Branicki, M., Mancho, A. M., Wiggins, S., A Lagrangian description of transport associated with a Front-Eddy interaction: application to data from the North-Western Mediterranean Sea, Physica D, 240(3), 282--304, (2010) 
Branicki, M., Kirwan, A. D. Jr, Stirring: The Eckart paradigm revisited, Int. J. Eng. Science (special issue in honor of K.R. Rajagopal), 48(11), 1027--1042, (2010)
Branicki, M., Malek-Madani, R.,  Lagrangian structure of flows in the Chesapeake Bay: challenges and perspectives on the analysis of estuarine flows, Nonlin. Processes Geophys. 17, 149-168, (2010)
Branicki, M., Wiggins, S., Finite-time Lagrangian transport analysis: stable and unstable manifolds of hyperbolic trajectories and finite-time Lyapunov exponents, Nonlin. Processes Geophys. 17, 1-36, (2010) 
Branicki, M., Wiggins, S., An adaptive method for computing invariant manifolds in non-autonomous, three-dimensional dynamical systems, Physica D, 238(16), 1625-1657, (2009)  
Branicki M. Topology of stirring in two-dimensional turbulence: Point vortex in a time-dependent ambient strain, Physica D (special issue “Euler Equations 250 years on”),  237, 2056-2061, (2008)

Classical theory of continuous dynamical systems, defined for all time on a smooth  phase manifold, attempts to classify the dynamical complexity of these systems by identifying asymptotic behavior of their solutions. The asymptotic procedures allow to extract the essential characteristics of such systems based on their behavior in the neighborhood of some lower-dimensional, flow-invariant objects (e.g hyperbolic/elliptic fixed points or periodic orbits, or  more exotic recurrent sets).  However, in the finite-time setting for non-autonomous dynamical systems, when the system is defined or known over a bounded time interval, the classical time-asymptotic notions of hyperbolicity or stability do not apply and new concepts and tools have to be developed in order to study the so called `Lagrangian transport' in such systems.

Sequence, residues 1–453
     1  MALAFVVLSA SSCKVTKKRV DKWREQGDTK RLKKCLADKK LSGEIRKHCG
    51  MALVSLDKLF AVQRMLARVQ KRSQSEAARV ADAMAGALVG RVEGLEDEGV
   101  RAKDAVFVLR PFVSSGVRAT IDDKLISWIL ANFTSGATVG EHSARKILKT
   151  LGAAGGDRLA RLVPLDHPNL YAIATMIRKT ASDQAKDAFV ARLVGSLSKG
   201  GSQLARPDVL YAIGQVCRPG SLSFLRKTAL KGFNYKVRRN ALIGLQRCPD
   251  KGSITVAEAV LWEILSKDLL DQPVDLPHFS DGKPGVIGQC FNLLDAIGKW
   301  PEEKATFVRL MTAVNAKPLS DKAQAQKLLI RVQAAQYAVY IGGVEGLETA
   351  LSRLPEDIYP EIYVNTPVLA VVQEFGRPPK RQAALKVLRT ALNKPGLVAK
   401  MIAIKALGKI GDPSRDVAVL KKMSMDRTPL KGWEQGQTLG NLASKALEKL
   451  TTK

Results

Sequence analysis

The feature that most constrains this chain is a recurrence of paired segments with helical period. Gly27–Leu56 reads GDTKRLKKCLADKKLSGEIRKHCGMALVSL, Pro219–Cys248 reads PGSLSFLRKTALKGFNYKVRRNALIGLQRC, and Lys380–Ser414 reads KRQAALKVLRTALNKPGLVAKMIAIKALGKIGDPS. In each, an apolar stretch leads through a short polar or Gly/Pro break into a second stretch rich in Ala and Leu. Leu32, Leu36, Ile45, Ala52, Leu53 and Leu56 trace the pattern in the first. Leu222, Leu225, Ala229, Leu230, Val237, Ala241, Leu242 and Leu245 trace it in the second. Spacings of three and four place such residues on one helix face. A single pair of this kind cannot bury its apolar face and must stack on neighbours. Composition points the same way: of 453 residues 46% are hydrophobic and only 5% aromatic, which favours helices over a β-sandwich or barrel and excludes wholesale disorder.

A major motivation for  this problem arises from the desire to study transport and mixing problems in geophysical flows (e.g., spread of pollutants or phytoplankton) where the flow is obtained from a numerical solution, on a finite space-time grid, of an appropriate partial differential equation model for the velocity field.

In a series of papers with my collaborators
(S. Wiggins, A. D. Kirwan, R. Malek-Madani, A. Mancho) I studied a range of issues associated with the Lagrangian transport in non-autonomous dynamical systems by combining the analytical methods and novel numerical algorithms with both the kinematic models  and/or the output of comprehensive ocean models and measurements. In this approach  the insight into the complex spatio-temporal transport pathways is achieved through the identification of transport barriers (flow invariant manifolds) which govern the global space-time structure of the solutions in the aperiodically time dependent dynamics.